MMOs are a mechanical hamster wheel - do the quest, get the loot and XP, level up so that you can get better gear and do harder quests, repeat - which can inevitably get really dull over the long term. One way to make the grind more enjoyable is to allow the player to emotionally buy into the conceit at work: I'm not just killing ten Thralls, I'm cleaning out this area to prevent the Hive from gaining a foothold on Earth! Narrative matters if you want to keep players happily churning away in your sustained world, and I don't just mean the narrative you write, but rather the one the player creates for themselves.
Who am I, besides a Guardian of Earth? The game will undoubtedly tell me some of that, or more accurately, the game will perhaps tell me who I was before Ghost woke me up and stuck a gun in my hand. Who am I now? I, as the player, chose the Warlock class not just because of its stats, but also because they're warrior/scholars. I'd like that pursuit of knowledge to be reflected in my Guardian's demeanor somehow, but how? It's hard to reveal a love of learning by gunning down Acolytes or Knights, so perhaps I have a bookshelf in my apartment filled with ancient teachings. Maybe I can even choose a class of loot that will show up as random drops. Instead of an emblem or custom color, maybe I get a data vid or a scroll from the before times. The apartment is also a natural environment to interact with the game's Grimoire, which gather lore and information that you discover in the game via sets of cards; perhaps you could even display your favorites on the wall. A personalized living space would allow you to choose what matters to you in the universe of Destiny - sure, you're fighting to save everything, but inevitably some bits will touch your soul just a wee bit more than others.
My apartment could be more than just yet another layer of customization, though; it could also be where I relive my favorite Destiny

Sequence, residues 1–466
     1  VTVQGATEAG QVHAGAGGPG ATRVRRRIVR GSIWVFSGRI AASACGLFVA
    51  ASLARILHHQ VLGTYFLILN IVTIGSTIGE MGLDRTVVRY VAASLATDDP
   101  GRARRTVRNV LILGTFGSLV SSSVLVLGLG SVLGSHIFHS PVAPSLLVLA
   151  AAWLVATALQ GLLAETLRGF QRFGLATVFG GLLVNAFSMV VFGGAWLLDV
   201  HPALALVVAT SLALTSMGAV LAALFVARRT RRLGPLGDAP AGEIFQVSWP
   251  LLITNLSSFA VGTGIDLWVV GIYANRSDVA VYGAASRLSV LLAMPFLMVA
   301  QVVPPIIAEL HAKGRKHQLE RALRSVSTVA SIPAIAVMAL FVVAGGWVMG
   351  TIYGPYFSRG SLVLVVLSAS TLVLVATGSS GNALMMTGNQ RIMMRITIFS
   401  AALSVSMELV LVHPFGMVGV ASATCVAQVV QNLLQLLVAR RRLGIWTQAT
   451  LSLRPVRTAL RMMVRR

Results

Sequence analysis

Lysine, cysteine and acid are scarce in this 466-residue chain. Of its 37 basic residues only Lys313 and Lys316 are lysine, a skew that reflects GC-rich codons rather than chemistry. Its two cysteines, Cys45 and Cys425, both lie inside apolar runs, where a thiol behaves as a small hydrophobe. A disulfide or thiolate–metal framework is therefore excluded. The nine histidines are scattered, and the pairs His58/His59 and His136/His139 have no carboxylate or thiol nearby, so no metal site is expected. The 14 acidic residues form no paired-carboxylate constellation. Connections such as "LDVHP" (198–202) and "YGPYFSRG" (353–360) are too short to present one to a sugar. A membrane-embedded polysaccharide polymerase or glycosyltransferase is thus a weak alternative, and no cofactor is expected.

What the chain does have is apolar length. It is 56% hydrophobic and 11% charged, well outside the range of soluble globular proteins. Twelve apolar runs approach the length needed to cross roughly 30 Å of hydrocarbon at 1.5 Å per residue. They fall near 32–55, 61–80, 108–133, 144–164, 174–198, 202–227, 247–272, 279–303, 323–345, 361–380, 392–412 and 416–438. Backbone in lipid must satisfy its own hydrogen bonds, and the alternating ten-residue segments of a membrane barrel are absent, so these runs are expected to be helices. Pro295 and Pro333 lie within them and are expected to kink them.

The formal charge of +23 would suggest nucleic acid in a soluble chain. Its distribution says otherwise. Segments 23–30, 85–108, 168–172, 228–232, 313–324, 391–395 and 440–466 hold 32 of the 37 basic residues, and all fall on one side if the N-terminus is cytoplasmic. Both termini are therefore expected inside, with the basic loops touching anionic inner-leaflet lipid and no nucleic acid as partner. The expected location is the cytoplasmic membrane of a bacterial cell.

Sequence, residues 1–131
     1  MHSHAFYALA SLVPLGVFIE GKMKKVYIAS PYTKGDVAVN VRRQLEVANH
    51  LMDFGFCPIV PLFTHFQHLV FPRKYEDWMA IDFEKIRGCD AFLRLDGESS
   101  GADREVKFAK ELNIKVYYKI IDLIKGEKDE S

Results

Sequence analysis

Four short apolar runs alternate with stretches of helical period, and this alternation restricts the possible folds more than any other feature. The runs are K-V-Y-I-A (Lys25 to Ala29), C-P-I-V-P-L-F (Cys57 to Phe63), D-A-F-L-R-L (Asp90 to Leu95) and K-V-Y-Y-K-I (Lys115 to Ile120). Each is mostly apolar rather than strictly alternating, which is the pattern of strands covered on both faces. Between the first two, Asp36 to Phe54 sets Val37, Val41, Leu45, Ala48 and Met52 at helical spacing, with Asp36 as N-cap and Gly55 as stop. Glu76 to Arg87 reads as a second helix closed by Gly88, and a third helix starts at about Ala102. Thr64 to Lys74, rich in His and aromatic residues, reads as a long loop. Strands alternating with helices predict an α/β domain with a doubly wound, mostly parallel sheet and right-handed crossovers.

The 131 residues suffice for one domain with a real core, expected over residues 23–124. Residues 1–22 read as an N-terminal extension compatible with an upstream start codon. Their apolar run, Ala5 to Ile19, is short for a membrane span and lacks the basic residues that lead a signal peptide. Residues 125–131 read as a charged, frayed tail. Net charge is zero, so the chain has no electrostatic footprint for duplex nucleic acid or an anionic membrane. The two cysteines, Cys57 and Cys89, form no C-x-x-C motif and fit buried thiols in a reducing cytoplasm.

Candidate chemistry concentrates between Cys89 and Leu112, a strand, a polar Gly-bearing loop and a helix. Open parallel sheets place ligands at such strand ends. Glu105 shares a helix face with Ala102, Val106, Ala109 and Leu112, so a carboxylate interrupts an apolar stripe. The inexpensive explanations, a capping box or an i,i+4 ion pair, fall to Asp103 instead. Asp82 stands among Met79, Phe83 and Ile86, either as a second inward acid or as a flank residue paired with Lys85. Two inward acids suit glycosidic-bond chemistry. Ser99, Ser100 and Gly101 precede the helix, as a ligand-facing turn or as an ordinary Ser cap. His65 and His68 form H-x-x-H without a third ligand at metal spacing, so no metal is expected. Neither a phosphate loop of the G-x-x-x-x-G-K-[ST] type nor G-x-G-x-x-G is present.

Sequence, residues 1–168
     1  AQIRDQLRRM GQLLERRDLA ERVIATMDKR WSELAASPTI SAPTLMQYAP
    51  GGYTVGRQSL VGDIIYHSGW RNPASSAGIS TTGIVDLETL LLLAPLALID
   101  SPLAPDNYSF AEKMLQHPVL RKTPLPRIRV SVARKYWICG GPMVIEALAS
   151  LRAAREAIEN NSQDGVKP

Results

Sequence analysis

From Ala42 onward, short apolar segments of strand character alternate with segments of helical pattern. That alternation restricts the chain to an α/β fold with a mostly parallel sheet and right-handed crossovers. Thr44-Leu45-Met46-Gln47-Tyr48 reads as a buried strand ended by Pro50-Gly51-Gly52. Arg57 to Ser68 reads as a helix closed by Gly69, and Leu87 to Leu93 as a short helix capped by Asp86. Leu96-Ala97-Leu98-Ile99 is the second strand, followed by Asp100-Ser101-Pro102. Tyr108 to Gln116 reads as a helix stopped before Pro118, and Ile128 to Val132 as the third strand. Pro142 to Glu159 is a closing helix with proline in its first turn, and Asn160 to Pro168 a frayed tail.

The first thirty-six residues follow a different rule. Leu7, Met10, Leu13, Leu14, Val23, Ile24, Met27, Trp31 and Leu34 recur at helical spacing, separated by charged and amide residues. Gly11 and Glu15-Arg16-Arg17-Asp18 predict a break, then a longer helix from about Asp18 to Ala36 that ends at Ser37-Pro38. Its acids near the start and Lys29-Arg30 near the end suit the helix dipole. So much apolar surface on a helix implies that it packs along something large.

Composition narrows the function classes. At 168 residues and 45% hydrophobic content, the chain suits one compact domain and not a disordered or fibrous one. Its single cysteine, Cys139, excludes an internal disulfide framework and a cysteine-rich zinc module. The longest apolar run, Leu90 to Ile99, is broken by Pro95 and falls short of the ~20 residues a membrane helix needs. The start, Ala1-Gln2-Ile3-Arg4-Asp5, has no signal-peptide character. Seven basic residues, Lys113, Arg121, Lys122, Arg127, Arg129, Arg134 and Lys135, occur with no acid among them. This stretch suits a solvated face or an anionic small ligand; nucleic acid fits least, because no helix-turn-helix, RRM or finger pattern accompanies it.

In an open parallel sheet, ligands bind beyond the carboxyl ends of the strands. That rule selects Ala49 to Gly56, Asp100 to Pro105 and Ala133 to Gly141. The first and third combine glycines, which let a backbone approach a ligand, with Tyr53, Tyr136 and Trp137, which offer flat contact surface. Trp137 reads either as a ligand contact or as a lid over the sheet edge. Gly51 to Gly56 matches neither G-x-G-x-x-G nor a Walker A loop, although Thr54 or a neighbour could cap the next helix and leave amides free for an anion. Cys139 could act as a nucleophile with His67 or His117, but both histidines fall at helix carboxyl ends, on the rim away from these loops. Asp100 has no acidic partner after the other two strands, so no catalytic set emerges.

moments. Maybe there's a photo album sitting on the coffee table that collects all the images I've shared while I was playing, or a video monitor that lets me watch all the clips I've uploaded. If, as Bungie hopes, Destiny
really is a game we end up playing for several years, it would be fantastic to have an easy way to look back on those early moments that you're otherwise likely to forget ever happened. The one major downside with this particular plan is that it's limited to the next-gen version of the games, as Xbox 360 and PS3 don't have a way of sharing clips or photos. As an alternative, trophies or mementos from certain activities could be made available as decorations, much the same way that the stuff Commander Shepard acquired found its way into her living quarters. Over here, we have a shard of Sepiks Prime, and on the table, a music collection that I found in a loot crate. Not as interactive as movies, perhaps, but still pretty great.
Then again, maybe it's just a situation where I throw fat piles of Glimmer at furniture sets. We don't have a real sense of how the economy works in Destiny
, and there may be ample ways to spend your hard-earned (stupidly-named) cash, but dedicated players might end up with full-to-bursting pockets, just the same. If so, apartment decorations are a great way to soak up that money - just ask anyone who's ever played Animal Crossing. You wouldn't even have to be able to move them around, or anything, just buy the bedroom set, Oblivion
-style, and have it plop down where the bedroom set goes. Maybe you get some kind of silly bonus for having a complete apartment set, like unlocking new dance moves or a gun that shoots sparkly bullets. Or a Ghost that barks and runs around like a puppy when you come home. Don't tell me you wouldn't collect furniture to get a Destiny
puppy, because I won't believe you.Destiny
wants to be a blend of solo and social play, a sprawling adventure (complete with great shooting,) and I am on board for all of that, but I also want a place that's mine, fully mine. Not part of the saga of the Guardians, not part of the social spaces, just my little nook away from everything else. Preferably on the fourteenth floor, with a nice view of the Traveller.